- Office of the State Auditor
Media Contact for Audits Show Elder Service Organizations Provided Potentially Unallowable Services to MassHealth Members
Boston — Today, State Auditor Suzanne M. Bump released the last two in a series of six audits of elder service providers that questioned certain billings for services provided to MassHealth members. The audits found two primary issues. First, some of the providers reviewed received payments for services that were not properly authorized. Second, it appears some providers received payment for duplicative services. The audits, which examined the period of January 1, 2016 through December 31, 2018, reviewed Old Colony Elder Services (OCES), Somerville-Cambridge Elder Services (SCES), Boston Senior Home Care (BSHC), WestMass ElderCare, Inc. (WMEC), Beyond Healthcare Agency, and City Home Care.
“These audits are the latest demonstrations of technological and regulatory shortcomings at MassHealth that confuse and stymie providers, and likely waste significant amounts of taxpayer money,” Bump said. “While the burden of ensuring claims are appropriate and properly documented falls on providers, MassHealth must do more to ensure these providers have a clear understanding of what services are allowed and an effective way to submit information to support their claims.”
Four of the audits found Adult Foster Care (AFC) providers were paid for care without submitting to MassHealth required annual prior authorizations, resulting in MassHealth paying for services that were not properly approved. Bump’s audits revealed the following:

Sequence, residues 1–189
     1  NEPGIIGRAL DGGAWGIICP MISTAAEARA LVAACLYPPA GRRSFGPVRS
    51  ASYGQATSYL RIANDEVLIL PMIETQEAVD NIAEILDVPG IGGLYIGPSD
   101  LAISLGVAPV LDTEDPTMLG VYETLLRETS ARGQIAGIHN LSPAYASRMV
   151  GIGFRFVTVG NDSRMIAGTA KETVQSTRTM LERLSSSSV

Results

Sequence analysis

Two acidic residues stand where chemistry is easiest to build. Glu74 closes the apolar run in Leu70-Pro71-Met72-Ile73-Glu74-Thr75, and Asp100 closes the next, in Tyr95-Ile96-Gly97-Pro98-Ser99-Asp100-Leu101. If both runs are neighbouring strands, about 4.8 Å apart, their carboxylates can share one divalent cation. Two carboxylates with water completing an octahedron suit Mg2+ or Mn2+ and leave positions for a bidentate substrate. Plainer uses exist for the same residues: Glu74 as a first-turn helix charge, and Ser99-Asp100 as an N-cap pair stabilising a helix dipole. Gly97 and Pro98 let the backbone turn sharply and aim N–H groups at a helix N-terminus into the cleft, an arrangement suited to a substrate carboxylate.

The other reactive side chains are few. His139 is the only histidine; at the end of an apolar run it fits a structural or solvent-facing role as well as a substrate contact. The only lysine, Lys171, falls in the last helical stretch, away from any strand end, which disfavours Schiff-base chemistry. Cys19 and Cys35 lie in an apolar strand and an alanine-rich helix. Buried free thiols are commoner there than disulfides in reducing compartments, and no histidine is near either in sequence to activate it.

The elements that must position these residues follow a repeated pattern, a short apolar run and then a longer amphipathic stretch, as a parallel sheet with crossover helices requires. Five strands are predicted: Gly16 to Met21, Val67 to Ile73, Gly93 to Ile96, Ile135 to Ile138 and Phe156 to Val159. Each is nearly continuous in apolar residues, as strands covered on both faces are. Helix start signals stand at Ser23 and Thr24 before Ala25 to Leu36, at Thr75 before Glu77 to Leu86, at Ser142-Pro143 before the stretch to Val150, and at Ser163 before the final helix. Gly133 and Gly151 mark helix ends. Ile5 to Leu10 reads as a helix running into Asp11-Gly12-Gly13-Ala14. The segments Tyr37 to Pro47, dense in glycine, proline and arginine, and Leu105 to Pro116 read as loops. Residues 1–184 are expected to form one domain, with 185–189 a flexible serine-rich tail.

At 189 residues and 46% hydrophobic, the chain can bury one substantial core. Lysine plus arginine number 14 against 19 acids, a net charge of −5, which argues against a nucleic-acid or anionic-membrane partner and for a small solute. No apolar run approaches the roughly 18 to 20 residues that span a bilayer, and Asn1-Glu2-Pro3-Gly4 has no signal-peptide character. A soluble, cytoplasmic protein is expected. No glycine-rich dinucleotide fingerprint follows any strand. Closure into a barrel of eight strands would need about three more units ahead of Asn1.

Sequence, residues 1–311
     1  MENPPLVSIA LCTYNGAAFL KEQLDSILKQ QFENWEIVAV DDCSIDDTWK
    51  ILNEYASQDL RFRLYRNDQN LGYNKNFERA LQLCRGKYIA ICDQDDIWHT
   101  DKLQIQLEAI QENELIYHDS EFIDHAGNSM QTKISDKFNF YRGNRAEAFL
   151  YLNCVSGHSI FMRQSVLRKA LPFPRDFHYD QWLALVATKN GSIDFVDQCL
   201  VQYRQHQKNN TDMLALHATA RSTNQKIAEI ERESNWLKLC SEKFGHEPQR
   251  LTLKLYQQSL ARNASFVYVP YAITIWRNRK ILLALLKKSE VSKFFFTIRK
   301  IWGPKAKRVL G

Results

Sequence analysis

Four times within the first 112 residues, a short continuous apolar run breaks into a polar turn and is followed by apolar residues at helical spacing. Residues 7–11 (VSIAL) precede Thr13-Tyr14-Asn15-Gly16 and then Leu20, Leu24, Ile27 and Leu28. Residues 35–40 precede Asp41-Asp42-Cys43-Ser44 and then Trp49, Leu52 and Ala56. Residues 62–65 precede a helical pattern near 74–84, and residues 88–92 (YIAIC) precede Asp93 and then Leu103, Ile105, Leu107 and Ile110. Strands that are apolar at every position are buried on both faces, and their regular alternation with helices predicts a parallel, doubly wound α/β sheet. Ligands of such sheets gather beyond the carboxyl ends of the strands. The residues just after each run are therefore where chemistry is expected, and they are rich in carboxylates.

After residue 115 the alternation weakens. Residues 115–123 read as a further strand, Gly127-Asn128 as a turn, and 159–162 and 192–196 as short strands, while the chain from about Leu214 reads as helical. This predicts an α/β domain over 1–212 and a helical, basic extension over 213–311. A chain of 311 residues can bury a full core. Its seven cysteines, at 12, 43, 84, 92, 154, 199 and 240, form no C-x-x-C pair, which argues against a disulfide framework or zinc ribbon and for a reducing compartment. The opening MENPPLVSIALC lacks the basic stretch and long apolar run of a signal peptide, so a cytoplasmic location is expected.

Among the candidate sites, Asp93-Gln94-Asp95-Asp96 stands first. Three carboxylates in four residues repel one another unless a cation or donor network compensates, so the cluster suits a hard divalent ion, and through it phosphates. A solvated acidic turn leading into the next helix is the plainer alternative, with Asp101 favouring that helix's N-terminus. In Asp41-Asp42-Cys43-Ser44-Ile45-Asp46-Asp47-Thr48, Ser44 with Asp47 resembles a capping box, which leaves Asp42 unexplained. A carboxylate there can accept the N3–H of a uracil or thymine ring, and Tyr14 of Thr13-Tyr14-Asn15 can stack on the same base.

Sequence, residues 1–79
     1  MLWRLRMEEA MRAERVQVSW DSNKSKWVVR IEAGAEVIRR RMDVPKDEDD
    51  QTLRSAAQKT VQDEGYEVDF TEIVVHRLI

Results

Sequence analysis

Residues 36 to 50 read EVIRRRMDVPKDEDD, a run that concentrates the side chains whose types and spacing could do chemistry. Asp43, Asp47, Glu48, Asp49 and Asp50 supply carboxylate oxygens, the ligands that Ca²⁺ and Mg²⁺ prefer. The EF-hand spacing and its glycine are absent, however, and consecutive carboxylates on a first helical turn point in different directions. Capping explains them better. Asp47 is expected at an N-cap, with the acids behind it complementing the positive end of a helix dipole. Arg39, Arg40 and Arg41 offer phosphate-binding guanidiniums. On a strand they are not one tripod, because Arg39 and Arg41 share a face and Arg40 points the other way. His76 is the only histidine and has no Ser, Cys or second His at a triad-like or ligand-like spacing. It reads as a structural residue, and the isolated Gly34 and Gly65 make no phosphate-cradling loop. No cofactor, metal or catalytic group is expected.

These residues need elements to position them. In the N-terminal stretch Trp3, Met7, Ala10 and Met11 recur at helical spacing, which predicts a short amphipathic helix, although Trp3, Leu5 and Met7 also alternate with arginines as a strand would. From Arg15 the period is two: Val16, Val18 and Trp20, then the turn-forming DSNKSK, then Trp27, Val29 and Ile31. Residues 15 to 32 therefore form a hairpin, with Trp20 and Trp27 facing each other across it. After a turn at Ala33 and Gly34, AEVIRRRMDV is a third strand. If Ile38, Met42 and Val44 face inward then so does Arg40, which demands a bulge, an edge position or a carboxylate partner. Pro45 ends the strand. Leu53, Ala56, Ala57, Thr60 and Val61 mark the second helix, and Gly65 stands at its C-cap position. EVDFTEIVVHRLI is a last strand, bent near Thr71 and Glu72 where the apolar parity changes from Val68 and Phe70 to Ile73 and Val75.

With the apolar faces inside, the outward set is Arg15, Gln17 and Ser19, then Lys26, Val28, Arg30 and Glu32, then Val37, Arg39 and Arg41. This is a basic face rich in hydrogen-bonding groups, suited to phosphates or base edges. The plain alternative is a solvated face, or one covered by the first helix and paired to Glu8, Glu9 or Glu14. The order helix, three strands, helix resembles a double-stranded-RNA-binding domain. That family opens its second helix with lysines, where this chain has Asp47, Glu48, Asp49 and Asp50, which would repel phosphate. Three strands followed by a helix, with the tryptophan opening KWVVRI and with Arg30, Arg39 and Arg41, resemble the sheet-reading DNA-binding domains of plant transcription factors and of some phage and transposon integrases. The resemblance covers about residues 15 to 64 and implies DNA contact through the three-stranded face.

- OCES did not submit 58 percent of required annual prior authorizations;
- WMEC did not submit 57 percent required annual prior authorizations
- SCES did not submit 53 percent of required annual prior authorizations; and
- BSHC did not submit 53 percent required annual prior authorizations.
These providers stated they were unable to submit prior authorization requests due to inadequate guidance from the agency and technical issues with the MassHealth IT portal. In its responses to the audits, MassHealth indicates it agrees with the findings and will conduct its own reviews of the AFC providers.
The two audits released today, which examined Beyond Healthcare Agency and City Home Care, found the providers billed MassHealth for Group Adult Foster Care (GAFC) services given on the same day members also received Home Health Program services, which is unallowable under agency guidelines. Both programs provide participants with assistance with activities such as laundry, meal preparation, and shopping, and as a result, the Commonwealth could be paying for these services twice for individuals enrolled in both programs. The audits note Beyond Healthcare Agency was paid as much as $887,225 and City Home Care was paid as much as $268,494 for group adult foster care services that appear to be unallowable. These audits only represent the claims of these providers and do not represent all potentially duplicative payments for AFC or GAFC services.
These two audits also call on MassHealth to update its guidelines and regulations for GAFC services, a step Bump initially called on the agency to take in a 2016 audit. In its responses to these audits, MassHealth indicates it agrees with the findings and will conduct its own reviews of the GAFC providers. It also indicated that it is in the process of developing and promulgating provider regulations for the GAFC program.
These six providers offer services to MassHealth members, including AFC, GAFC, and home health care, for older adults, and people with disabilities. MassHealth covers claims for AFC services for members who are elderly or have disabilities and need assistance performing activities of daily living, such as eating, bathing, walking, and dressing. During the audit period, MassHealth paid approximately $1.03 billion for AFC and GAFC for 28,287 members.